Most of NSL Care’s staff transferred into the business from the NHS and the company relies heavily on the skills, commitment and expertise that come with these colleagues. Yet, as mentioned, NSL also provides an environment in which expertise and ideas meet and colleagues are always encouraged to contribute in order to continuously improve the services it provides, and to help keep staff engaged in the process of improvement.

Kate Lawson NPL Care

Kate Lawson, one of NSL Care’s most respected managers, worked for the NHS for over 15 years. Not long after she joined NSL Care, back in 2006, she was quick to see how it could increase the efficiency of communications within the hospital setting by introducing a “floor walker”. The purpose of the floor walker is to take pressure off the hospitals, by providing a focal point and vital link between the hospital and the patient transport service. It gives the hospital management and NSL Care’s control function advance warning of actual and potential delays on the day of discharge activity. It was quickly apparent that this enabled both parties to take a proactive approach; to plan the day’s work through having prior warning of the level of discharges, ensuring it was able to flex its resources to meet the requirements more efficiently. It also maximises communication, and builds positive working relationships throughout the hospitals, while also providing a better understanding of what each party does − and, perhaps more importantly, how it does it.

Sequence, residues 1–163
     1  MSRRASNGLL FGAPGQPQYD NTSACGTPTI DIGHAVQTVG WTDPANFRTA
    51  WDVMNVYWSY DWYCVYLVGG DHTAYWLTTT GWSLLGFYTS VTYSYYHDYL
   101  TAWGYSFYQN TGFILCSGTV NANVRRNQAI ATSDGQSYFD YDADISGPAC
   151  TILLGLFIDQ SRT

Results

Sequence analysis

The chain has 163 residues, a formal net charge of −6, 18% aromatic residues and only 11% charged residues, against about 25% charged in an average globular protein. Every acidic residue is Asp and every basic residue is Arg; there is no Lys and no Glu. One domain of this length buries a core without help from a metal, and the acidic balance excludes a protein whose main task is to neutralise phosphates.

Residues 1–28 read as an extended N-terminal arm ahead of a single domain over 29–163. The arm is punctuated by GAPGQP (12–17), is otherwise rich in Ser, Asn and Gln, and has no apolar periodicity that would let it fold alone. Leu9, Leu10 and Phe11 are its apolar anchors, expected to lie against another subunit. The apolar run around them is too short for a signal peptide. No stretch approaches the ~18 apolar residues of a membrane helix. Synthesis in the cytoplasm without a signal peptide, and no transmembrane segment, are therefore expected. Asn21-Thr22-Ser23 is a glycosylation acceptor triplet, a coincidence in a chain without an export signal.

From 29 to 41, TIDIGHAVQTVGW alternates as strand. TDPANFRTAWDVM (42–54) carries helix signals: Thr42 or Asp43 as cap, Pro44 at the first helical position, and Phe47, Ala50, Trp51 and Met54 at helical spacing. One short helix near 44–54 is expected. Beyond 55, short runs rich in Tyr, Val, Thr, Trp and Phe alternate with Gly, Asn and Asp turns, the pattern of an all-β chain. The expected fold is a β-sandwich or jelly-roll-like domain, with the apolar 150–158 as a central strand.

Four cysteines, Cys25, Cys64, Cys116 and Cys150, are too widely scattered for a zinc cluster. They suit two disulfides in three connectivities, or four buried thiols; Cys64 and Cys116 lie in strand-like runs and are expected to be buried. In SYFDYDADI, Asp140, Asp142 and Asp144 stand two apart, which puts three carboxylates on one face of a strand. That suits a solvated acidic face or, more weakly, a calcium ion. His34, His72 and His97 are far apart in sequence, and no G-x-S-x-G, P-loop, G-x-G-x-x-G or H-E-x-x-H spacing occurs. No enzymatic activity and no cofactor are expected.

Consistency is key though, and NSL Care has its own audit programmes in place, ensuring an appropriate standardisation across its growing business. However, one size does not fit all and NSL is careful not to stifle the individual characteristics of each of its NHS partners. Alastair Cooper, NSL Care managing director, agrees: “It’s very important that words aren‘t just bandied around; that if you say you’re a people business, and are mindful of all the values – both collaborative and respectful of individuality – that this ethos involves, then you have to be demonstrating that day in, day out, which involves a methodical and highly organised approach.”

A practical man, the organisational skills required to oversee large-scale patient transport services are something that Cooper has in abundance. But when we learn that he also serves as a colonel in the Territorial Army, we can easily see where his skills have been honed. He adds: “Engagement and good ideas are key. From the moment we partner with the NHS in any particular area, we know our first few exercises are to get to know the area, the communities, the people who will be coming to work with us, and to then ask for their ideas, which isn’t always easy; confidence is required. This has to be repaid by listening very carefully to those ideas, and then help those that are feasible by garnering as much expertise as we can to help make those ideas work. And it’s only by continuously improving − continuously listening − that a business claiming to be people-centric truly deserves the title.”

NSL Care is in an enhanced position within the non-emergency patient transport market. A proud culture where ideas meets expertise continues to pave the way forward for innovative partnerships between the private and public sector.